Before our Master of Arts in Educational Technology (MAET) journey even began, we were assigned to read three chapters from How People Learn. I was intrigued when I read about the new science of learning. One of the biggest “take aways” for me was that learning can really be boiled down to one main idea: understanding. “One of the hallmarks of the new science of learning is its emphasis on learning with understanding” (Bransford, Brown, & Cocking, 2000, p. 14).
Looking back on my own schooling, I can distinctly remember many times that I would be memorizing my vocabulary notecards in order to ace the test. If I were asked those same test questions now, I can guarantee I would not be able to answer most of them. I was memorizing the information in order to pass the test, but did not necessarily understand what I was learning.
Now that I think about understanding from a teaching perspective, it can be difficult to gauge whether students are truly understanding a concept, or if they are memorizing just like I did. Teachers being able to assess their students understanding is crucial. “There is a good deal of evidence that learning is enhanced when teachers pay attention to the knowledge and beliefs that learners bring to a learning task, use this knowledge as a starting point for new instruction, and monitor students’ changing conceptions as instruction proceeds” (Bransford et al., 2000, p. 11). Tapping into that prior knowledge and using it during instruction can give students a chance to relate. When students can relate to a topic, they can connect to it on a personal level, which can be a factor in understanding and truly learning.
It takes a real expert teacher to be able to dig out the students’ prior knowledge and relate it to the topic they are learning. In How People Learn, one of the biggest take-aways for me was the distinction between experts and novices. One of the main ideas regarding the difference between experts and novices was the idea of noticing. Experts, especially when it comes to teachers, are more in tune with their surroundings and their students. “Experts notice features and meaningful patterns of information that are not noticed by novices” (Bransford et al., 2000, p. 31). The number of features and patterns that expert teachers notice, that novice teachers do not, can truly make a difference when it comes to instruction in the classroom. “The idea that experts recognize features and patterns that are not noticed by novices is potentially important for improving instruction” (Bransford et al., 2000, p. 36).
After now being finished with my second year of teaching, I recognize that I am still a novice teacher. I am very aware that there are things that some of my more experienced colleagues notice and pick up on, that I sometimes need to be told. I can think of an instance at the beginning of this school year when I was planning a writing unit with some of my grade level teammates. After our students had been writing for a few weeks, one of the expert teachers on my team made a comment about pausing the unit to teach writing complete sentences because that was something she had noticed her students were struggling with. When I thought back to my students’ writing, mine were struggling with it as well, but I had not noticed it as clearly as my teammate had. She really made a point to notice the big ideas, which is something that experts do. “Novices’ knowledge is much less likely to be organized around big ideas; they are more likely to approach problems by searching for correct formulas and pat answers that fit their everyday intuitions” (Bransford et al., 2000, p. 49).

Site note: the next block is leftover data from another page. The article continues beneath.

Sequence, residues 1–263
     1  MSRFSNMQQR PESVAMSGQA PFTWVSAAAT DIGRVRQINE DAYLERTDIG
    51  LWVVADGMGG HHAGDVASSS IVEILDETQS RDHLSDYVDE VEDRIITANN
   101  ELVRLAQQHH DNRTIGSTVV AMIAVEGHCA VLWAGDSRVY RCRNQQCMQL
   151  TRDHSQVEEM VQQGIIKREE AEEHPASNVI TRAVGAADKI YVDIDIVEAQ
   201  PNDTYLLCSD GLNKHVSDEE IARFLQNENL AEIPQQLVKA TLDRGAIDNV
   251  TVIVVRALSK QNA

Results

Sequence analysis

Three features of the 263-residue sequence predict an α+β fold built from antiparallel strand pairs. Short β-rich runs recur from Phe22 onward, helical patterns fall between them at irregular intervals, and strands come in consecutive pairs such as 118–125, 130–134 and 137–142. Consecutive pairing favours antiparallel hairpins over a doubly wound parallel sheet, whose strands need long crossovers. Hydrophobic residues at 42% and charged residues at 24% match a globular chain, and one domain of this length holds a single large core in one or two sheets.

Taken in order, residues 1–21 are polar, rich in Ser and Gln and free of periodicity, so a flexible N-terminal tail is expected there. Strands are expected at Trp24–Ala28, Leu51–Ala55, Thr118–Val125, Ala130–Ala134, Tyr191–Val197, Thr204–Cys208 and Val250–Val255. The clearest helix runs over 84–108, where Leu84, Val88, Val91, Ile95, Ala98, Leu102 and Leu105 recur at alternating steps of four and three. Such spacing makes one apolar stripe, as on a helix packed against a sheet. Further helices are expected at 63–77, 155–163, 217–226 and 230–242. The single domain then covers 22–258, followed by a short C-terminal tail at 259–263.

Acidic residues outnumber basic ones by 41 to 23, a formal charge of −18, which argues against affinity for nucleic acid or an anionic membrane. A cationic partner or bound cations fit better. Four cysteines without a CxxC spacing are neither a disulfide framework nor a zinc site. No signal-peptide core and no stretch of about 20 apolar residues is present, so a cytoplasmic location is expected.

In our MAET program, we have the rare position of being both learners and teachers. We are looking at our educational technology content through two different lenses. First, as a learner, it is imperative that we understand the content ourselves to ensure that we are truly learning. Then, as a teacher, it is important that we understand our students’ prior knowledge in order to ensure that the tools we take back to the classroom can be utilized and learned to their full potential. “…it would be a mistake simply to expose novices to expert models and assume that the novices will learn effectively; what they will learn depends on how much they know already” (Bransford et al., 2000, p. 50). As learners and as teachers, we have such a unique position of understanding the content ourselves, and helping others understand it too. The ability to take the information we learn in MAET, take it back to our classrooms, and have students understand it is the work of a true expert teacher.
Bransford, J. D., Brown, A. L., & Cocking, R. R. (2000). How people Learn: Brain, Mind, Experience, and School. Washington: National Academy Press.